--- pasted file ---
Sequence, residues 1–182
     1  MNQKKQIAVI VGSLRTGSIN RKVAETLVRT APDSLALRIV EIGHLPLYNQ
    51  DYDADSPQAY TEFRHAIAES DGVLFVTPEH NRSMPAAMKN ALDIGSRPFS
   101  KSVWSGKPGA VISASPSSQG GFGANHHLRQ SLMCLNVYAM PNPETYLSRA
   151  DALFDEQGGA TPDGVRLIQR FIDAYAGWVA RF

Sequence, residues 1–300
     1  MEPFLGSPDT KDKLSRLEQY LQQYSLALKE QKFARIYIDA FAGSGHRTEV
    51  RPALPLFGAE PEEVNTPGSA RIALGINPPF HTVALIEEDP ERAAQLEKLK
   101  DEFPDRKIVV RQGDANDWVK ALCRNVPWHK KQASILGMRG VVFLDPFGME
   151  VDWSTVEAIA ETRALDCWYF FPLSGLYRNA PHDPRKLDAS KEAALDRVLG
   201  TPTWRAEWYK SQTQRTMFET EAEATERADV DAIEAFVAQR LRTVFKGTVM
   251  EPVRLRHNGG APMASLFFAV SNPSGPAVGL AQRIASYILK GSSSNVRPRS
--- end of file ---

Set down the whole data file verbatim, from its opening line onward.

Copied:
Sequence, residues 1–182
     1  MNQKKQIAVI VGSLRTGSIN RKVAETLVRT APDSLALRIV EIGHLPLYNQ
    51  DYDADSPQAY TEFRHAIAES DGVLFVTPEH NRSMPAAMKN ALDIGSRPFS
   101  KSVWSGKPGA VISASPSSQG GFGANHHLRQ SLMCLNVYAM PNPETYLSRA
   151  DALFDEQGGA TPDGVRLIQR FIDAYAGWVA RF

Sequence, residues 1–300
     1  MEPFLGSPDT KDKLSRLEQY LQQYSLALKE QKFARIYIDA FAGSGHRTEV
    51  RPALPLFGAE PEEVNTPGSA RIALGINPPF HTVALIEEDP ERAAQLEKLK
   101  DEFPDRKIVV RQGDANDWVK ALCRNVPWHK KQASILGMRG VVFLDPFGME
   151  VDWSTVEAIA ETRALDCWYF FPLSGLYRNA PHDPRKLDAS KEAALDRVLG
   201  TPTWRAEWYK SQTQRTMFET EAEATERADV DAIEAFVAQR LRTVFKGTVM
   251  EPVRLRHNGG APMASLFFAV SNPSGPAVGL AQRIASYILK GSSSNVRPRS